UNFPA is on the ground, distributing personal protective equipment for health workers and supporting health systems where needed. UNFPA is also supporting efforts to learn more about the virus and its impact to better serve the most vulnerable. “While fear and uncertainty are natural responses to the coronavirus, we must be guided by facts and solid information,” said Dr. Natalia Kanem, UNFPA’s Executive Director. “We must stand together in solidarity, fight stigma and discrimination, and ensure that people get the information and services they need.” :

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Progress towards gender equality is faltering
by UN Women, UNDP, agencies
Mar. 2020
Ahead of International Women’s Day on 8 March, UN Women today launched its report, “Women´s Rights in Review 25 years after Beijing”, a comprehensive stock-take on the implementation of the Beijing Platform for Action, which remains the most comprehensive agenda for gender equality ever agreed.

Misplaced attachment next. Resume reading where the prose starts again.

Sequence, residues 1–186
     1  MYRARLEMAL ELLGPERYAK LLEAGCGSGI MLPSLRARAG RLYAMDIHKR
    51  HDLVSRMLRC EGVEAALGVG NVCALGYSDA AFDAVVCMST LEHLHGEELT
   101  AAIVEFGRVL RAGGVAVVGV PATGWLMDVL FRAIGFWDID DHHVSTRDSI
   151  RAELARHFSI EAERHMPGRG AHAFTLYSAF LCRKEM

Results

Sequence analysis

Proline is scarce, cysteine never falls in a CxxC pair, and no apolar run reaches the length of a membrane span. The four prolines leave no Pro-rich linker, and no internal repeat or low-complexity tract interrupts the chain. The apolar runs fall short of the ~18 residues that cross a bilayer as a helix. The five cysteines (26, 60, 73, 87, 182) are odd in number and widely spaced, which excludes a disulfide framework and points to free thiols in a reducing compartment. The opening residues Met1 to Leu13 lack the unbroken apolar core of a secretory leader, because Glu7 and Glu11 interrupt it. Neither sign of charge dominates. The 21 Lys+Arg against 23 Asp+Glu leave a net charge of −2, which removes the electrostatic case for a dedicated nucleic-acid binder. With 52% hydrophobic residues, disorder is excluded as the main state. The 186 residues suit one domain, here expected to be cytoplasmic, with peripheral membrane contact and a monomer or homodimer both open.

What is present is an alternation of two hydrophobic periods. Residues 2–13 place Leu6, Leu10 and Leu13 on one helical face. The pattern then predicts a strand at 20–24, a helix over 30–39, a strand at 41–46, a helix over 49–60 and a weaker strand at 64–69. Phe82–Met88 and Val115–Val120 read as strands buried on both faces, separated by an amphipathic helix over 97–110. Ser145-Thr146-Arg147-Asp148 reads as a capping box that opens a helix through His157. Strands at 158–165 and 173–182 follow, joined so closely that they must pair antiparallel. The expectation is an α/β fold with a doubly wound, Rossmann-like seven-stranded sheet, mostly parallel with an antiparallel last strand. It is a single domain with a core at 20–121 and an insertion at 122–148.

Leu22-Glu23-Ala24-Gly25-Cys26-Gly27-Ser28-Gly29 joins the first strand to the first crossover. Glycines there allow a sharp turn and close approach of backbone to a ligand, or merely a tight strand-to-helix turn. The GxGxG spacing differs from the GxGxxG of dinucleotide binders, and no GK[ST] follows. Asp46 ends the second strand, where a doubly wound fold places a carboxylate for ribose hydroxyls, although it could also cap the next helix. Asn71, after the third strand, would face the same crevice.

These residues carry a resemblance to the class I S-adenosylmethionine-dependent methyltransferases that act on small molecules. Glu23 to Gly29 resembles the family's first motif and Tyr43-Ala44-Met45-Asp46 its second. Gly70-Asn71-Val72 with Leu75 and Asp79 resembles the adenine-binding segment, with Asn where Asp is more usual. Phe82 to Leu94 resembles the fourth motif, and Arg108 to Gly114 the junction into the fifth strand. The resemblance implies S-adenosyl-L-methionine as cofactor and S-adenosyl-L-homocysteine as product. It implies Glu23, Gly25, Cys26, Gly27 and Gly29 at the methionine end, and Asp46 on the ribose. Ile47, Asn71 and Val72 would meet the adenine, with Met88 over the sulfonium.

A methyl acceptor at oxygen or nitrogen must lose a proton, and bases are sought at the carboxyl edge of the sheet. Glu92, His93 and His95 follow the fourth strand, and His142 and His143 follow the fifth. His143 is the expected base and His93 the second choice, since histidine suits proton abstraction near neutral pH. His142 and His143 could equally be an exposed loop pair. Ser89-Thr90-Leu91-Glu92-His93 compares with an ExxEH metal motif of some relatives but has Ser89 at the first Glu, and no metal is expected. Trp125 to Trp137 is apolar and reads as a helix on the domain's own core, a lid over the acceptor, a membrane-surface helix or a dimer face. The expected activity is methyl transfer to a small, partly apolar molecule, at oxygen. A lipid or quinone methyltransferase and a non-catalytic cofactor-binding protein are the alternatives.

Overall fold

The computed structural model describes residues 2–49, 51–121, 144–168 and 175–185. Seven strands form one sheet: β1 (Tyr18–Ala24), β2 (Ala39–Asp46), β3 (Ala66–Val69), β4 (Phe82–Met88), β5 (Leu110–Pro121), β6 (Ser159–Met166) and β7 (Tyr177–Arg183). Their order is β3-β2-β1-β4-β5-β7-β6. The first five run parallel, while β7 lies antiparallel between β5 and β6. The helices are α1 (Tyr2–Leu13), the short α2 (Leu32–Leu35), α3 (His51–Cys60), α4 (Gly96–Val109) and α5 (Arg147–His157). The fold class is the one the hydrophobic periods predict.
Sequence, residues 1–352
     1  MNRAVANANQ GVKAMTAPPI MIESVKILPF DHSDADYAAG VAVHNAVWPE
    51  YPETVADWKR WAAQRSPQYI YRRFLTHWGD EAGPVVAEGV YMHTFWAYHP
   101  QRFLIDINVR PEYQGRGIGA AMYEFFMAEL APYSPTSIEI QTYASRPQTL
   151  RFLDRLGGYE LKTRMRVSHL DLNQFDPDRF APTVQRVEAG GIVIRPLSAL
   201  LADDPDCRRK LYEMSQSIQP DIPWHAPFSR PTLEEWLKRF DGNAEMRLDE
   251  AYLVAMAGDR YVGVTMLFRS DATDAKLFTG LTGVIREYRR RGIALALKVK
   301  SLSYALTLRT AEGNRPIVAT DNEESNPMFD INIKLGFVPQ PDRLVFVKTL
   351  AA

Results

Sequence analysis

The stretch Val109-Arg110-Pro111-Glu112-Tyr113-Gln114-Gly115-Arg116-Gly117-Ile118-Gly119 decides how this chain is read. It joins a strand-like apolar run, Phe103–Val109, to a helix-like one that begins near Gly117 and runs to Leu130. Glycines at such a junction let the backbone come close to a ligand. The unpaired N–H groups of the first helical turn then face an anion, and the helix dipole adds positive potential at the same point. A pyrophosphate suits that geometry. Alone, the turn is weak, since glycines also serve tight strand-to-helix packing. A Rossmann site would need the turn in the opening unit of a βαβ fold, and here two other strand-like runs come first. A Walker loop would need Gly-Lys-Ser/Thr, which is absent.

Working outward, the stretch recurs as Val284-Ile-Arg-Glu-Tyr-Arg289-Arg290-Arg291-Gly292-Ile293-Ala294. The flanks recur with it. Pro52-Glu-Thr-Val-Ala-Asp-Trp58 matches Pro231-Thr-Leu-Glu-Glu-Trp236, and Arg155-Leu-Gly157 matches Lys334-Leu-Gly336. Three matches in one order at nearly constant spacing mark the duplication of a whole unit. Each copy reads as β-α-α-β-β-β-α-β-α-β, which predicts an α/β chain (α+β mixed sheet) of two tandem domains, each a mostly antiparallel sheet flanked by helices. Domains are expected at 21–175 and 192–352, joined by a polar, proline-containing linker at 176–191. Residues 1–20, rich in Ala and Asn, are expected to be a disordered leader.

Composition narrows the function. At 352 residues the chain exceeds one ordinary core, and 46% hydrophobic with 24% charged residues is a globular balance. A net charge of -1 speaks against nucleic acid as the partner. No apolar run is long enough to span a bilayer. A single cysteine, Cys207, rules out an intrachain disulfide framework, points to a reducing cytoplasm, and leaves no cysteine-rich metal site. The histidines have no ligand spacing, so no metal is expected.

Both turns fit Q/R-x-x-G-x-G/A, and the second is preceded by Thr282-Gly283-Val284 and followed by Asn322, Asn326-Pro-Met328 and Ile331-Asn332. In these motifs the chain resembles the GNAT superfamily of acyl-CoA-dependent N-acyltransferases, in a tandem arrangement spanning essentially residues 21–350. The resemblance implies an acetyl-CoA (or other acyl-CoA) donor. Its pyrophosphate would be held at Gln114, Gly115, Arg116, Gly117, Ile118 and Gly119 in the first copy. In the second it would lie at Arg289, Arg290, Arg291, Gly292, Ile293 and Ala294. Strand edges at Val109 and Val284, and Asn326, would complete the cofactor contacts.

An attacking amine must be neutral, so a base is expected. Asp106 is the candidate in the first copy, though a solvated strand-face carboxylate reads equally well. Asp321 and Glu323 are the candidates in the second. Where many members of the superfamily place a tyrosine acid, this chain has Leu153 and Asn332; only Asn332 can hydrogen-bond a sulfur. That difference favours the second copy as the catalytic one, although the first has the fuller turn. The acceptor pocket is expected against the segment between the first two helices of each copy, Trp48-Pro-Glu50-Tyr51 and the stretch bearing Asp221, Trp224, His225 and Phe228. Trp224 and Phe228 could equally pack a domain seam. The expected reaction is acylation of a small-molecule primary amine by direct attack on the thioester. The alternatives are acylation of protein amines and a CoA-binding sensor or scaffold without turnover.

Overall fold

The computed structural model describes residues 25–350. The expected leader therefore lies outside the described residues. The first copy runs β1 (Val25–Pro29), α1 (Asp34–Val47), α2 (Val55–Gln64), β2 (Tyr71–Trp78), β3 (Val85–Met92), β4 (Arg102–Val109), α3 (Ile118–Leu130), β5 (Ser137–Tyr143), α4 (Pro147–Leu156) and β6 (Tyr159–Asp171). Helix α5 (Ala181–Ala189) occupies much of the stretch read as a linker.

The report finds that progress towards gender equality is faltering and hard-won advances are being reversed. Rampant inequality, the climate emergency, conflict and the alarming rise of exclusionary politics all threaten future progress towards gender equality.
The report flags the lack of effective action to boost women’s representation at the tables of power and warns that the vision of the Beijing Platform for Action will never be realized if the most excluded women and girls are not acknowledged and prioritized.
UN Women’s Executive Director Phumzile Mlambo-Ngcuka said: “The review of women’s rights shows that, despite some progress, no country has achieved gender equality. Equality isn’t just one quarter of the seats at the tables of power. But that’s the current reality of women’s representation, across the board.
Men are 75 per cent of parliamentarians, hold 73 per cent of managerial positions, are 70 per cent of climate negotiators and almost all of the peacemakers. This is not an inclusive and equal world and we need to take action now to create one that does not discriminate against women. Only half is an equal share and only equal is enough”.